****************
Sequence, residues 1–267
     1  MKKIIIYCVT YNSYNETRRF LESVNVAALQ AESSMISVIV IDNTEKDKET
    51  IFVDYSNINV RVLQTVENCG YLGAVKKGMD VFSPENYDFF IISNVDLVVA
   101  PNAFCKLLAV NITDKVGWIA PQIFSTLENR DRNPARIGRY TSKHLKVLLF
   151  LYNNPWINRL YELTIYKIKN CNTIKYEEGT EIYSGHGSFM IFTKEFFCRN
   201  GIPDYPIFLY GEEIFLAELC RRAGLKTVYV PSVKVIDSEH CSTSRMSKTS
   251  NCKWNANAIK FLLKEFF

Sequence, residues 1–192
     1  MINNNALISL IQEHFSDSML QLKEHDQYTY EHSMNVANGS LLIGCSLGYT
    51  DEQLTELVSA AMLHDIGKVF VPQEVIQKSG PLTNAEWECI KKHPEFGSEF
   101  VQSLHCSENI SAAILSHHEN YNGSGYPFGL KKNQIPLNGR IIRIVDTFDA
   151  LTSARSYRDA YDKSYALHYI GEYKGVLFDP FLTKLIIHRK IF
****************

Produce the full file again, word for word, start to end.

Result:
Sequence, residues 1–267
     1  MKKIIIYCVT YNSYNETRRF LESVNVAALQ AESSMISVIV IDNTEKDKET
    51  IFVDYSNINV RVLQTVENCG YLGAVKKGMD VFSPENYDFF IISNVDLVVA
   101  PNAFCKLLAV NITDKVGWIA PQIFSTLENR DRNPARIGRY TSKHLKVLLF
   151  LYNNPWINRL YELTIYKIKN CNTIKYEEGT EIYSGHGSFM IFTKEFFCRN
   201  GIPDYPIFLY GEEIFLAELC RRAGLKTVYV PSVKVIDSEH CSTSRMSKTS
   251  NCKWNANAIK FLLKEFF

Sequence, residues 1–192
     1  MINNNALISL IQEHFSDSML QLKEHDQYTY EHSMNVANGS LLIGCSLGYT
    51  DEQLTELVSA AMLHDIGKVF VPQEVIQKSG PLTNAEWECI KKHPEFGSEF
   101  VQSLHCSENI SAAILSHHEN YNGSGYPFGL KKNQIPLNGR IIRIVDTFDA
   151  LTSARSYRDA YDKSYALHYI GEYKGVLFDP FLTKLIIHRK IF